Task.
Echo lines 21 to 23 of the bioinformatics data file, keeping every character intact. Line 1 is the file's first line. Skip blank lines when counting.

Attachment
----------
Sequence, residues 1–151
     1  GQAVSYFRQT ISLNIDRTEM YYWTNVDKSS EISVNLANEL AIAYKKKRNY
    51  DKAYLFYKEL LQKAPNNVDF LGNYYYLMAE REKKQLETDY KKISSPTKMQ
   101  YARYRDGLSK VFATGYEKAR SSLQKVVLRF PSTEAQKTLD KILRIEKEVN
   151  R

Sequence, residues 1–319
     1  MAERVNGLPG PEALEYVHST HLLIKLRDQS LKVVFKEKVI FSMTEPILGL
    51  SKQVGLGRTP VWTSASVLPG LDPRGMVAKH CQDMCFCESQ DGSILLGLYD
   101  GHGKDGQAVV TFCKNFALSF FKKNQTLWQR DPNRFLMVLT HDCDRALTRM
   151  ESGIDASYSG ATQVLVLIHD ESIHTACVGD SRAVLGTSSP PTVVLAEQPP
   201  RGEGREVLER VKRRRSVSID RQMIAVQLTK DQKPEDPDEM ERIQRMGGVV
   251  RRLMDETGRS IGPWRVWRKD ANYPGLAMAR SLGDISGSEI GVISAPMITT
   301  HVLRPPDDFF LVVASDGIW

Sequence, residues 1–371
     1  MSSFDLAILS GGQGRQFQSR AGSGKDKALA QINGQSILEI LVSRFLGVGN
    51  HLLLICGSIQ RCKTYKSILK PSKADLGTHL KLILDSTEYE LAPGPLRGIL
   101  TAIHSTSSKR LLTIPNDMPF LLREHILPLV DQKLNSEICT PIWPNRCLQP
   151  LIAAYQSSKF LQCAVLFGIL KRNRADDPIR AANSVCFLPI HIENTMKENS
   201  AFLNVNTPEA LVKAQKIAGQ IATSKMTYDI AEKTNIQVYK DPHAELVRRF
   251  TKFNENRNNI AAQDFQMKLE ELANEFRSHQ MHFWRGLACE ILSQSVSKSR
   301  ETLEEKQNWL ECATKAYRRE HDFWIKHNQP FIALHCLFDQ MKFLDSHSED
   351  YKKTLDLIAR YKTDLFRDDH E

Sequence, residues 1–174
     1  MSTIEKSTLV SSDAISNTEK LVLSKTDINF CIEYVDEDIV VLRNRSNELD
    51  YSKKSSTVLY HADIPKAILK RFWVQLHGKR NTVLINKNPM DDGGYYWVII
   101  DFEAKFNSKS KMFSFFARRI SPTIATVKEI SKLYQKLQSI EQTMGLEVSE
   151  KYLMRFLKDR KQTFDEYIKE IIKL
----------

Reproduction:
   301  ETLEEKQNWL ECATKAYRRE HDFWIKHNQP FIALHCLFDQ MKFLDSHSED
   351  YKKTLDLIAR YKTDLFRDDH E

Sequence, residues 1–174